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Poem by Robert Burns 'Epistle to Dr. Blacklock' (page 1 of 2)

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Poem by Robert Burns - Epistle to the Rev (Dr) Thomas Blacklock. 'Wow but your letter made me vauntie' (page 1 of 2)

Introduction:
This poem takes the form of a verse epistle, a letter in rhyme, wishing Dr Blacklock well. Burns explains the failed delivery of his previous letter to Dr Blacklock and gives him news of his move to Ellisland farm and the increased responsibilities to his family. (poem No 273) (letter no 365B)
Image Rights Holder:
National Trust for Scotland
Ref:
BMT247.02A
Project:
618:The Burns Manuscripts at Alloway
What:
Poem by Robert Burns 'Epistle to Dr. Blacklock' (page 1 of 2)
Subject:
Dr Blacklock promoted acceptance Burns's work in Edinburgh and discouraged him from emigrating to Jamaica. Becoming firm friends they exchanged poems and songs while he lived although Burns at one point later on describes his songs as 'very silly'.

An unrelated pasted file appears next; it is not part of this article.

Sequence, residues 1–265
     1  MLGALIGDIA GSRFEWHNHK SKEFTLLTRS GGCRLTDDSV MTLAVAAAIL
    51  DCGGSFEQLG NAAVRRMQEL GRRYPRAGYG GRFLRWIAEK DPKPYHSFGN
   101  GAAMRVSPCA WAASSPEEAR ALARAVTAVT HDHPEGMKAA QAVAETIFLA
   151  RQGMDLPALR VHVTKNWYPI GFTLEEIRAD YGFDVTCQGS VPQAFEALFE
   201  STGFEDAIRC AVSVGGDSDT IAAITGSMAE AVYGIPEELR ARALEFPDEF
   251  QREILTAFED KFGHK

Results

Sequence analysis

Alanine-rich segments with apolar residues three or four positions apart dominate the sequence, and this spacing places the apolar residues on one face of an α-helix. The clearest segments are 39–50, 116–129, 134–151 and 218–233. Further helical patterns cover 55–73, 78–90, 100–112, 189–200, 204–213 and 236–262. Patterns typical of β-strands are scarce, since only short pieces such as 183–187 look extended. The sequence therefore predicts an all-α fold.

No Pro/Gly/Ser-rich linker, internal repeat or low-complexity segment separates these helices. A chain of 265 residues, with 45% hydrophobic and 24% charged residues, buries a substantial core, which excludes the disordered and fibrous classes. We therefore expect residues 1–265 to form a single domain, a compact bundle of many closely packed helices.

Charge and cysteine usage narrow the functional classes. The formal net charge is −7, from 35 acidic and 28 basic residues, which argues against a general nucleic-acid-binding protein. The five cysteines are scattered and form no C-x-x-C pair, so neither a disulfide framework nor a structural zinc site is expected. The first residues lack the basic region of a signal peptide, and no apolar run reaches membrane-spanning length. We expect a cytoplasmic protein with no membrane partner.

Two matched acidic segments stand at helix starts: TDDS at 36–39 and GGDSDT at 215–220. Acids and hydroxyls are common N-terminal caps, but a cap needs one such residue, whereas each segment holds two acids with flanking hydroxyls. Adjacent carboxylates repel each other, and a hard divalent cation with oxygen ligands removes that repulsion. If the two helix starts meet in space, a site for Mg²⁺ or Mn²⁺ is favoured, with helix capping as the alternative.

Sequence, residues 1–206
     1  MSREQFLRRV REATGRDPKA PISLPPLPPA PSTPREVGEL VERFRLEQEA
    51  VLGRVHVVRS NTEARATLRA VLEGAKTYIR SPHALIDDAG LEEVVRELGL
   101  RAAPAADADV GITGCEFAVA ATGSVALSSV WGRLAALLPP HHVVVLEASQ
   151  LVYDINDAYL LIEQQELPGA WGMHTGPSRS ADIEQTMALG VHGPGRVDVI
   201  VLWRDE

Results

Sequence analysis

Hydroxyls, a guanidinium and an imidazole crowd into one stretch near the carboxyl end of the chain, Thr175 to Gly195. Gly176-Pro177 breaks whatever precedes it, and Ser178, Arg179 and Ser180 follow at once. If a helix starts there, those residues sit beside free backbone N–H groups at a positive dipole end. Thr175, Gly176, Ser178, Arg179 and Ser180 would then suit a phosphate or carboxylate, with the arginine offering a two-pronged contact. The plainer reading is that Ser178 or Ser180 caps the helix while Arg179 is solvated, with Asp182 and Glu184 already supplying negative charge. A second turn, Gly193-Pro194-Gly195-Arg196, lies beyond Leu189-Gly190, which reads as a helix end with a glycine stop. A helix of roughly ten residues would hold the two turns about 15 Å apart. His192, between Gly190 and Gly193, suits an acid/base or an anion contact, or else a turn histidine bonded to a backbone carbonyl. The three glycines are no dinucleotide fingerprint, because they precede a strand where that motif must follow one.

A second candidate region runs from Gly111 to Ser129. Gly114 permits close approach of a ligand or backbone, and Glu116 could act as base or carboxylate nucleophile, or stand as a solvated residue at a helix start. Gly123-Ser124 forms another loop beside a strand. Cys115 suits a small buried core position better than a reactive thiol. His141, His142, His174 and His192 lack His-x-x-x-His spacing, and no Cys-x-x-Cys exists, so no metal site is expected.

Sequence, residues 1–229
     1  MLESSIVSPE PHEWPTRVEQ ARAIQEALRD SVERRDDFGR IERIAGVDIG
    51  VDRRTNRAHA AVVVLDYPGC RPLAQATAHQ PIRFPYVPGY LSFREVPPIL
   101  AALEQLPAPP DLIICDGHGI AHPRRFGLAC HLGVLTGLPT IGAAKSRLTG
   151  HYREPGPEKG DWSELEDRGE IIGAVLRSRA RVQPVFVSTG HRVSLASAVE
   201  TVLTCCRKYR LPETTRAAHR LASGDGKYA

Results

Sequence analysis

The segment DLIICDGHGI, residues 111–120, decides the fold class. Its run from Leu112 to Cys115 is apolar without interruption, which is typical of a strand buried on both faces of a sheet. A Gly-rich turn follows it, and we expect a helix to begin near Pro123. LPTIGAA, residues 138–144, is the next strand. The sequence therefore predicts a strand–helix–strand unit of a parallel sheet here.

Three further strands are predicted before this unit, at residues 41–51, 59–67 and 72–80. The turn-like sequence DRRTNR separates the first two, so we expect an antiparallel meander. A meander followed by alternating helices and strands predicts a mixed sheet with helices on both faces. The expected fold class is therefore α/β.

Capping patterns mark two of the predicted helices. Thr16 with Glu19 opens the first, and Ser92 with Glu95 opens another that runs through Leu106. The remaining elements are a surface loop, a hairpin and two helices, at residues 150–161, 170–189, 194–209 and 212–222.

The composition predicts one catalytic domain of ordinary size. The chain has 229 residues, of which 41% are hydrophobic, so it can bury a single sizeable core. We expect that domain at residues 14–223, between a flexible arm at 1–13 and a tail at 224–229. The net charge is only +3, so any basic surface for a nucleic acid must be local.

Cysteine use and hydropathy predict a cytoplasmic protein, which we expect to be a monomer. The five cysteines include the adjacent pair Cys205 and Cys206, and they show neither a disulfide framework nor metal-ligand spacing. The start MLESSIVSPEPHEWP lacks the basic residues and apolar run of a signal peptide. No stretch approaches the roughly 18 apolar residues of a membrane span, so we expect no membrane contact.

Who:
Robert Burns (1759-1796) (author)
Robert Heron (1764-1807) (biographer of Burns)
Dr. Thomas Blacklock (1721-1791) (friend of Burns)
When:
21 October 1789 (when written)
Where:
The Robert Burns Birthplace Museum, South Ayrshire
Background:
Dr Blacklock promoted acceptance Burns's work in Edinburgh and discouraged him from emigrating to Jamaica. Becoming firm friends they exchanged poems and songs while he lived although Burns at one point later on describes his songs as 'very silly'.
Description:
In this first page Burns cheerfully greets his friend and castigated Robert Heron for not delivering his previous letter to Dr Blacklock as promised. He tells how he is now and exciseman and hope that his necessary attention to earning a living will not deprive him of attention to his muse.